Although Young enjoys the thrill of speed, he believes his offroad conversion has appeal even to drivers with more sedentary interests. “A guy could put a cooler in the trunk and have a good time fishing with his buddies. He could literally just fish from the unit, because it’s four-wheel drive and can pull right up to the water. It’s the coolest device ever.”
Reader Concern: Ramp Slope
Do you know of any sources with expertise who can be consulted to resolve vehicular accessibility issues? I tried the Rollx minivan, but the difficulty I’ve run into is ramp slope. I also tried another company, but the ramp slope was comparable to Rollx’s. Is there a minivan conversion available where the ramp’s slope is lessened, compared to others on the market? Freedom Motors indicates a 10-degree slope for its Honda Element; it may solve my difficulty, but if it doesn’t, I’m going to be back at square one.
Grand Rapids, Michigan
Ah, ramp slope — the bane of any manual chair user who doesn’t have arms the size of tree trunks. We asked Julienne Dallara of MobilityWorks (formerly Advanced Mobility) in Van Nuys, Calif., what her experience tells her.
“For a long time ElDorado, who bought the Amerivan line from Ricon years back, had the least steep ramp slope,” Dallara says. “That has been emphasized in last year’s debut of the 14-inch drop floor, resulting in a ramp slope of — I think — 7 degrees. Then VMI came out with their 2008 Dodge Summit conversion, which combined a shorter ramp and a shallower ramp angle – unheard of! Not to be left in the dust, Braun then debuted their Entervan XT conversion, with a full 56-inch door opening and a 7.5-degree ramp angle.”
Dallara — a wheelchair user for 13 years and a mobility specialist for more than nine years — also urges buyers of adapted vehicles to forego the online sales route and seek out dealers that have been certified by the National Mobility Equipment Dealers Association. “I cannot do enough to educate readers on the dangers and pitfalls of purchasing a converted vehicle over the Internet,” she says. Although convenient, and often less expensive than brick-and-mortar dealerships, Internet-based sellers generally offer a one-size-fits-all vehicle that won’t meet the specialized needs of many drivers. “Oh, did you want a power ramp? Remote? Second key? Ramp that doesn’t bow when you step on it? That’ll be extra.” Vehicles purchased from online sellers often cannot be serviced at local mobility dealerships, and frequently lack warranties and other protections commonly available elsewhere. “When a customer buys a converted vehicle through a NMEDA-certified dealer, he or she has recourse.”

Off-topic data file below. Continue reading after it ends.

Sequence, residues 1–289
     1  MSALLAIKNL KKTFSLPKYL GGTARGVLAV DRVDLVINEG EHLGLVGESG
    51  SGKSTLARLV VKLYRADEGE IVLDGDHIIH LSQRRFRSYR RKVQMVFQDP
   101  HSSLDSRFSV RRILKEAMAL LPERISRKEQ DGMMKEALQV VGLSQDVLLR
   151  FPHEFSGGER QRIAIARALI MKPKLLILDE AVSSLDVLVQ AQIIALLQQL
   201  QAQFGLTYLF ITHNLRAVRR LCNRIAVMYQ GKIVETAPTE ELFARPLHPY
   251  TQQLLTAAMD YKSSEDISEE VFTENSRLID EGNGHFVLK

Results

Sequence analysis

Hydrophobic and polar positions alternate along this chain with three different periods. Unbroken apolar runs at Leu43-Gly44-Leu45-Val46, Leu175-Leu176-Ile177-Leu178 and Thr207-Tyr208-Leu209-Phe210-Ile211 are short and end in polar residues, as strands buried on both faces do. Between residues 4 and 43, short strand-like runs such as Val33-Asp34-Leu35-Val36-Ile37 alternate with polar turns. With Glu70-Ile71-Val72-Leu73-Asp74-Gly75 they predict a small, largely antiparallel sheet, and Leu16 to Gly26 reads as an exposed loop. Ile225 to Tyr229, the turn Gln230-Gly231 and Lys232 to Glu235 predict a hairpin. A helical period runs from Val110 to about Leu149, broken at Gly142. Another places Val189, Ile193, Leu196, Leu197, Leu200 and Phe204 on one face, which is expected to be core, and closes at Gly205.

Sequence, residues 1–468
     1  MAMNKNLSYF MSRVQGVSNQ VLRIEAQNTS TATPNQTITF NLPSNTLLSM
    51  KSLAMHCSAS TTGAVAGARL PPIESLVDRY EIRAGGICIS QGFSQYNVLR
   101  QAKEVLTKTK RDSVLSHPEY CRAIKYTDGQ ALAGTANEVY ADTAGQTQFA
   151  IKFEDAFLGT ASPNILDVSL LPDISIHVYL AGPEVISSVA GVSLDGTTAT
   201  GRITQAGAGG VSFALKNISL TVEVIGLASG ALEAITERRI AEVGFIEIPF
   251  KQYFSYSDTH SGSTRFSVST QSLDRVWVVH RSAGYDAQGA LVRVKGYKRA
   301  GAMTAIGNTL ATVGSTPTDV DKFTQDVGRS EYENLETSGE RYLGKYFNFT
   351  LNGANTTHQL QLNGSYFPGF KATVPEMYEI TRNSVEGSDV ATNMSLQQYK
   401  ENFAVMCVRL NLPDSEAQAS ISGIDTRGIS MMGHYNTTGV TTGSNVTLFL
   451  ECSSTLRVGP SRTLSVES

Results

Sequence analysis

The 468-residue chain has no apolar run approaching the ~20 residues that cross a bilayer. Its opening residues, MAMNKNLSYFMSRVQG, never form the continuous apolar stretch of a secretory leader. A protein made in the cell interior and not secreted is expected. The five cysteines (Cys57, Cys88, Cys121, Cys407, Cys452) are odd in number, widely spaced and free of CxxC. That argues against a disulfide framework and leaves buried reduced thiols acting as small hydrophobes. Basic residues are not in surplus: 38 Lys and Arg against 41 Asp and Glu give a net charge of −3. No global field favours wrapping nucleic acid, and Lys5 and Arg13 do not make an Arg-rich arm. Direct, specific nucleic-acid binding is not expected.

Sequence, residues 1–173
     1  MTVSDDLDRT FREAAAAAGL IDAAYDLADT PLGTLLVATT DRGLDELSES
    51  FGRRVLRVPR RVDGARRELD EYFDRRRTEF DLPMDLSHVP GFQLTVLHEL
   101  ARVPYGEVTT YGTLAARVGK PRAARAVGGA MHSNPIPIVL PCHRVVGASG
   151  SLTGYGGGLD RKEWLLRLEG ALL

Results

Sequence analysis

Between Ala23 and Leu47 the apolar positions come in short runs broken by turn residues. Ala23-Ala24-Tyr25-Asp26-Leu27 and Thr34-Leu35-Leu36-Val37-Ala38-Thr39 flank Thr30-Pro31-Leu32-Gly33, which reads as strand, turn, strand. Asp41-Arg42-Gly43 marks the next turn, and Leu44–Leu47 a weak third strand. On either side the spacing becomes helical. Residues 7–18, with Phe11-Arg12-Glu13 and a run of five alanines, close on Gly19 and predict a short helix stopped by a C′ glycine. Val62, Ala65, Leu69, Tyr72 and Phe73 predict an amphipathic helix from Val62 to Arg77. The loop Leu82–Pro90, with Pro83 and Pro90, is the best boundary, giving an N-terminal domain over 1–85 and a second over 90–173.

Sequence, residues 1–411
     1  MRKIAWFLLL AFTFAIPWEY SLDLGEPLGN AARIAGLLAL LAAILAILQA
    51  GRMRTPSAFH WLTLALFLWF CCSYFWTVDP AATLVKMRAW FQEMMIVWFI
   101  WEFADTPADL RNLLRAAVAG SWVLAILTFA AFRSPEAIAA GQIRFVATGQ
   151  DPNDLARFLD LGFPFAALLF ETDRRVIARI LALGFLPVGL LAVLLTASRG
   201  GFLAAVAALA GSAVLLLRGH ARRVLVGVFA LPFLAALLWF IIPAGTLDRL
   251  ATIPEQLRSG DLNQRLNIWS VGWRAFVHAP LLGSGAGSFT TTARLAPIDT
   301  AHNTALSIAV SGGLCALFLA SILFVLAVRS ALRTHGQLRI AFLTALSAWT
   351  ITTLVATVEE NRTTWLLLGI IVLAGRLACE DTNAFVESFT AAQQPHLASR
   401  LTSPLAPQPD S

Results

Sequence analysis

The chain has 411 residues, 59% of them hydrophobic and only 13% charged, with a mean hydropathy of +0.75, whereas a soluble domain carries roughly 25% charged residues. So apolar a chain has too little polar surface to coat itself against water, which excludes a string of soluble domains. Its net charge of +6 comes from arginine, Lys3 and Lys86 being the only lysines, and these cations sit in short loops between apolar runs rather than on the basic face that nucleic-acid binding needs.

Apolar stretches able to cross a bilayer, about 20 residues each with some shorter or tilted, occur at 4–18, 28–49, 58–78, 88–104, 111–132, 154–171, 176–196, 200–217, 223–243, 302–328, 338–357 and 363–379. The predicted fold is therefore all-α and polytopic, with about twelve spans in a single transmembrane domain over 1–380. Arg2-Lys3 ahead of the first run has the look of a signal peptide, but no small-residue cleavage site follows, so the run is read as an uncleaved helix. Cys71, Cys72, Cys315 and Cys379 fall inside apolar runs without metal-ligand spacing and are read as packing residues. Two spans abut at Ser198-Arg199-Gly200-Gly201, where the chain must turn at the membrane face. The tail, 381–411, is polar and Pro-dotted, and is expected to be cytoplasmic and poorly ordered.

• Braun Corp., www.braunmobility.com; 800/THE-LIFT
• Driving Systems Inc., www.drivingsystems.com; 818/782-6793
• ElDorado Amerivan, www.amerivans.com; 866/392-6300
• Kawasaki Teryx, www.kawasakiteryx.com; 800/661-RIDE.
• Mobility Specialists, www.mobilityspecialists.com; 877/777-LIFT
• MobilityWorks, www.mobilityworks.com; 877/275-4907
• National Mobility Equipment Dealers Association, www.nmeda.org; 800/833-0427
• VMI, www.vantagemobility.com; 800/348-VANS